Cow slaughter
An animal rights charity has uncovered brutal treatment and slaughter of cows being exported from India to Bangladesh Getty

Singer Leona Lewis has condemned the export of cows from India to Bangladesh, where they are subjected to extreme cruelty to produce leather goods. The X Factor star also revealed the extent to which children and the environment are impacted by the leather industry.

Lewis revealed that an estimated two million cows are transported from India to Bangladesh every year "in order to circumvent Indian slaughter bans". Working with animal rights group Peta, Lewis stated that the cows in India were subject to mistreatment while being transported between the two countries. Video footage captured by Peta has revealed the lack of veterinary care given to animals along the way and the extensive physical abuse they face by the time they reach Bangladesh.

"The animals are bound and thrown on to truck beds on top of each other and many arrive in Bangladesh with injuries and open wounds," said Lewis. "[This] shocking footage shows who is paying the highest price for leather."

The footage reveals how cows and goats are illegally slaughtered for their skin on the streets at night, with their throats being slit as other animals are forced to watch. In some instances, the cows are also skinned alive to create the leather goods that many buy.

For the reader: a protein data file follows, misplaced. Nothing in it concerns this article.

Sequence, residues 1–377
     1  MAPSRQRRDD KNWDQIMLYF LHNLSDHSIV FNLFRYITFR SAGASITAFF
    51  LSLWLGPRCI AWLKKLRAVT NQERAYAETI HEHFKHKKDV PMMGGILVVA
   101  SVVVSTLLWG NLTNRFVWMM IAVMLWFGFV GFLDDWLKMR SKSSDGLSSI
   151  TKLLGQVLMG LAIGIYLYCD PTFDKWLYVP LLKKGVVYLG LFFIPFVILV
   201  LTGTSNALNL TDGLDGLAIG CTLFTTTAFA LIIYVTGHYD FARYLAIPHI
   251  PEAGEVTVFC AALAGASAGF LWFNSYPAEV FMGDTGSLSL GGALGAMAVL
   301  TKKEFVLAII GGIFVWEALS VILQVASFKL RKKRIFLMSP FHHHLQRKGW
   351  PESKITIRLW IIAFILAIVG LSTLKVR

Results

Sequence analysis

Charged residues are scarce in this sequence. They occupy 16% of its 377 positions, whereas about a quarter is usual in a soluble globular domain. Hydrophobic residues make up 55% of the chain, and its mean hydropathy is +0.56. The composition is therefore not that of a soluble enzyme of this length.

The investigation also uncovered the conditions that the cows face on the journey between India and Bangladesh, with many being emaciated, exhausted, and malnourished by the time they reach their destination. Peta said that some cows did not have the energy to stand when they were unloaded off the trucks.

Jason Baker, vice president of international operations for Peta Asia, said: "I can see sores, I can see broken tails, I see bones, I see ribs. I think if consumers walked down the path that I just walked to get their pair of shoes, they wouldn't be wearing leather shoes."

Furthermore, the investigation also revealed the dire conditions that workers in the leather industry face, with many of them being children. Peta documented that children operate machinery while unprotected workers stand barefoot in cancer-causing chemicals, using acids that cause skin diseases. The animal rights charity also said that an estimated 90% of these workers die before the age of 50.

The Peta investigation concluded that one area with more than 150 tanneries had no sewage plant, which meant that toxic chemicals were being dumped in the river. Apart from killing animals in and near the water, the chemicals also posed a threat to the environment and to public health.

In a final plea, Lewis said: "Please consider the impact that your purchases have and please buy only cruelty-free, synthetic, natural fibre and other vegan clothing and accessories."